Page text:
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Study: Inflatable bouncer injuries on the rise

This year's Oktoberfest in Locust Valley featured an

This year's Oktoberfest in Locust Valley featured an inflatable slide and a bounce house. The event at Thomas Park also includes live music, food such as bratwurst, and pumpkin painting. (Sept. 22, 2012) (Credit: Johnny Milano)

Chances are, your kids have encountered inflatable bouncers, such as bounce houses, slides and moonwalks at birthday parties and family festivals.

Although your child is having a blast, you may want to take note.

In recent years, injury rates on inflatable bouncers are on the rise. According to a study in the December issue of Pediatrics, from 1990 to 2010, more than 64,000 children were treated in U.S. emergency departments for inflatable-bouncer-related injuries.


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What's more, from 2008 to 2010, the number of pediatric inflatable-bouncer-related injuries more than doubled to an average of 31 children injured per day. Arm or leg fractures and strains or sprains were the most common types of injury, as well as falls, with stunts and collisions also contributing to the injury rate.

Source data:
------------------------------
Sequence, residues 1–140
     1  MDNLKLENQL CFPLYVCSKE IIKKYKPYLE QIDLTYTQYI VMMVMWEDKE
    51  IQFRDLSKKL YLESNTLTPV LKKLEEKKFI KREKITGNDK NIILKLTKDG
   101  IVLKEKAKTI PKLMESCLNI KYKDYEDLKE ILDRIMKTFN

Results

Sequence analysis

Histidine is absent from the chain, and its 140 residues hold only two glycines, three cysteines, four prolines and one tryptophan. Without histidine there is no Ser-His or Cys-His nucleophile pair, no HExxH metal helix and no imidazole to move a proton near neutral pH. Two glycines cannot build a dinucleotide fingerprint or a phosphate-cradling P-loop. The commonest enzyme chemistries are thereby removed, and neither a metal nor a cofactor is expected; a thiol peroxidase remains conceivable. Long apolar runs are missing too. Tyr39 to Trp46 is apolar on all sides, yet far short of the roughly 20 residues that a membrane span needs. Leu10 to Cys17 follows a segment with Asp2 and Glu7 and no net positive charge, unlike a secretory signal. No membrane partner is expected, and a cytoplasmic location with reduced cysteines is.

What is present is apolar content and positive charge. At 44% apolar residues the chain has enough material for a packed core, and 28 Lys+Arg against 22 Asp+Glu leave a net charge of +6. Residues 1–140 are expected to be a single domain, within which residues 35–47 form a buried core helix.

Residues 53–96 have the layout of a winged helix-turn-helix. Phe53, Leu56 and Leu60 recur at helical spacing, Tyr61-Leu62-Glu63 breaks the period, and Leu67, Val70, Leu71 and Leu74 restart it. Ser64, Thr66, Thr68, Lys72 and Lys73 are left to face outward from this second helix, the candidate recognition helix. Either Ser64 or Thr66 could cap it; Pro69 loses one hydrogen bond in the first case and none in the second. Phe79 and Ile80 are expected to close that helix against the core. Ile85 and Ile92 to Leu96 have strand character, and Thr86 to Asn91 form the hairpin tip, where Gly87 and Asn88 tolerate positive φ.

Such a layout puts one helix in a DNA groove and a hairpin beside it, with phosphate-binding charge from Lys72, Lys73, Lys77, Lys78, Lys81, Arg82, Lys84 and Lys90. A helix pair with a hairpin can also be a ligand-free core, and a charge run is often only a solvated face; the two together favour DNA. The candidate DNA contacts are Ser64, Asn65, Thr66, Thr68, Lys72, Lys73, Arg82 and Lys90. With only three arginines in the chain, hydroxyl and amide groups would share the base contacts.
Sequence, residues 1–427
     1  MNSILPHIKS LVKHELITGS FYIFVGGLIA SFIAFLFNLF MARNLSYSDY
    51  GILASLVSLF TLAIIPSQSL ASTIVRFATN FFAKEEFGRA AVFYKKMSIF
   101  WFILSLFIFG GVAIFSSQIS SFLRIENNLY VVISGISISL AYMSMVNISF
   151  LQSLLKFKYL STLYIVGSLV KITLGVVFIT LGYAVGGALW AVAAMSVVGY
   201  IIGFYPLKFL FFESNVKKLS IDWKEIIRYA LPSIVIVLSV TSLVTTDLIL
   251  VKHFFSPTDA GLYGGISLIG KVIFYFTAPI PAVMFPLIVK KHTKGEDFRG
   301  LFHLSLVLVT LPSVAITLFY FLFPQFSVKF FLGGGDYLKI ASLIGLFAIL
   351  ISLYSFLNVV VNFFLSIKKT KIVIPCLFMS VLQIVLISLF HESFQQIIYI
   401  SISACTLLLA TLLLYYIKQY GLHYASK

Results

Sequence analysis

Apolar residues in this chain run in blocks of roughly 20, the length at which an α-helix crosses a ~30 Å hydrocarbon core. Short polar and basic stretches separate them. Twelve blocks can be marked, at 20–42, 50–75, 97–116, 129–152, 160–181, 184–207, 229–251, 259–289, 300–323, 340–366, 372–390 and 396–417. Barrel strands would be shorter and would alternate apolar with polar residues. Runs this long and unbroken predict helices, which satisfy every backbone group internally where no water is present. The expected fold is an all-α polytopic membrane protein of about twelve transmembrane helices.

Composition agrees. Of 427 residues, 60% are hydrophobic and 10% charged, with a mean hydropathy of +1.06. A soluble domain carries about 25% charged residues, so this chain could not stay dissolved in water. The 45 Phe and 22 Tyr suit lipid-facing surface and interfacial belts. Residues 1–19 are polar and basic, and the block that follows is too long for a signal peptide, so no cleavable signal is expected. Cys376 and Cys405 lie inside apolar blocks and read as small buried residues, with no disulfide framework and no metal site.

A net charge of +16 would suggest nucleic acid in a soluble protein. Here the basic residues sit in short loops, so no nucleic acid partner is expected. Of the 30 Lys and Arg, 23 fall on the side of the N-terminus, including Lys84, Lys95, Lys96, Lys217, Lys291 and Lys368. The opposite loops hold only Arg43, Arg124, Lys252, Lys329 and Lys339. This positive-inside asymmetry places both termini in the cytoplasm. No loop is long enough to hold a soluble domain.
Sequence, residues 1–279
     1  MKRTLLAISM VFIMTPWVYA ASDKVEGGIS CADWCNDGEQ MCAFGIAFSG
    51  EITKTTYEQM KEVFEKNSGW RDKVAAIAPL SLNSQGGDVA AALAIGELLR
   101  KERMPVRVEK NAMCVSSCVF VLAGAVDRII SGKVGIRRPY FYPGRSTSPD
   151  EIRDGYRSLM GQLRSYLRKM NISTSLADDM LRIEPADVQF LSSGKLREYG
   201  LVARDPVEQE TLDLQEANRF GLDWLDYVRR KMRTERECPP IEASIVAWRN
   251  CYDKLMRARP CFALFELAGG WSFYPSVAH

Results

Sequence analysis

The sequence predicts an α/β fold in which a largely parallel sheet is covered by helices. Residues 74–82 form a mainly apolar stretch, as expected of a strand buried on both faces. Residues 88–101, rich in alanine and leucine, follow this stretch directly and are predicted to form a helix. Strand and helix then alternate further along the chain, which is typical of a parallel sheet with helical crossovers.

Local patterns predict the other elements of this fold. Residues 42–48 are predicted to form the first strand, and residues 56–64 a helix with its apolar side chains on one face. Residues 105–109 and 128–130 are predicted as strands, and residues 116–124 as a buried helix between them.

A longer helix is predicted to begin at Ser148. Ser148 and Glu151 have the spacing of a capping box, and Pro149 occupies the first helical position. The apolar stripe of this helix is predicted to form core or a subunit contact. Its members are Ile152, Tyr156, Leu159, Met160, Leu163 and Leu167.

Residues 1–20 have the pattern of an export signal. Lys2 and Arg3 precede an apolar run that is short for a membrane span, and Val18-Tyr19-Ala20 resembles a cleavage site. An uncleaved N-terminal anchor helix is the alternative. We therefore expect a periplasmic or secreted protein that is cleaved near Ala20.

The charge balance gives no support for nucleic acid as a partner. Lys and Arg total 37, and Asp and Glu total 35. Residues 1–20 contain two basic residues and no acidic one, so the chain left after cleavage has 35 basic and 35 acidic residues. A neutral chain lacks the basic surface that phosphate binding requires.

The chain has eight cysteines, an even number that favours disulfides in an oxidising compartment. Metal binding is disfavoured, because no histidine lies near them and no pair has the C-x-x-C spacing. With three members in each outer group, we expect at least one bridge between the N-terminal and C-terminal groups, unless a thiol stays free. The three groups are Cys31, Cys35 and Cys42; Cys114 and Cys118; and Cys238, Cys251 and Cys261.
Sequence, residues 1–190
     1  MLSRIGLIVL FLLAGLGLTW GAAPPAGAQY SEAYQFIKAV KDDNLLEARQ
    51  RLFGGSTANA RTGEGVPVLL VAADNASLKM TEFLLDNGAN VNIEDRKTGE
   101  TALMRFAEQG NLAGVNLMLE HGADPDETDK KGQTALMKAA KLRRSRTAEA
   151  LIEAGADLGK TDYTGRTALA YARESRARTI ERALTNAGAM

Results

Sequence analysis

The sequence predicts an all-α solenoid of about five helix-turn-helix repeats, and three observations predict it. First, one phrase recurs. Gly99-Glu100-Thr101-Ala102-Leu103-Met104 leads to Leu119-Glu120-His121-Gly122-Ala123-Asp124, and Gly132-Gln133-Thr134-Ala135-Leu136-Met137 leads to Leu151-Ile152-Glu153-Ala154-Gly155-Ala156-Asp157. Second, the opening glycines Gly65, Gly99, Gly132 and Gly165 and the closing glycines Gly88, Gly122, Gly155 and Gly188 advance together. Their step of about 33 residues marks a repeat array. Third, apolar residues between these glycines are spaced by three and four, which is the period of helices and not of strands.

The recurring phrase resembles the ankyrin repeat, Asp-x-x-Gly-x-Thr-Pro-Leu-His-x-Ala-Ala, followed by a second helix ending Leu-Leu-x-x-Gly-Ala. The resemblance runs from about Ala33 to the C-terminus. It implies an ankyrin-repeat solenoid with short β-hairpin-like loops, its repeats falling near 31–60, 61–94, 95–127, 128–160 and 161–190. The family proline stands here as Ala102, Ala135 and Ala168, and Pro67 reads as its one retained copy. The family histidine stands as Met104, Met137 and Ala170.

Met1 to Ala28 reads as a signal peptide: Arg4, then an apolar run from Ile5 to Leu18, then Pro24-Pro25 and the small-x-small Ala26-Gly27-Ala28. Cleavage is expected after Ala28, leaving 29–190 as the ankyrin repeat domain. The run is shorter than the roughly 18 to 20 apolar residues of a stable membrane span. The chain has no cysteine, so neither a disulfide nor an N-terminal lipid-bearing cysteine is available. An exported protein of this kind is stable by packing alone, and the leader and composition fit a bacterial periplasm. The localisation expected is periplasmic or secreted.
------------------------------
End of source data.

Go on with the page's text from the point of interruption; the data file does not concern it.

"We want our kids to be active, but we want them to do it safely," said Gary Smith, director of the Center for Injury Research and Policy at Nationwide Children's Hospital in Columbus, Ohio.

Here, Smith offers five tips on how parents can help prevent kids' injuries on inflatables:

1. Consider limiting the use of inflatable bouncers to children who are 6 or older.

2. Be sure there is always an adult to supervise while the bouncer is in use.

3. Ideally, the safest way to use an inflatable bouncer is one child on the bouncer at a time. "Now having said this, inflatables are typically used in environments in bounce centers and birthday parties where multiple children are using them at the same time," said Smith. "Knowing that, parents can also help limit the possibility of injury by making sure the children using it are approximately the same age and size.

4. Make sure the inflatables are not overcrowded. If they are, have your child wait until there are fewer kids.

5. Manuevers like flips and somersaults offer higher risks for neck injuries. Encourage your kids to avoid these kinds of stunts.

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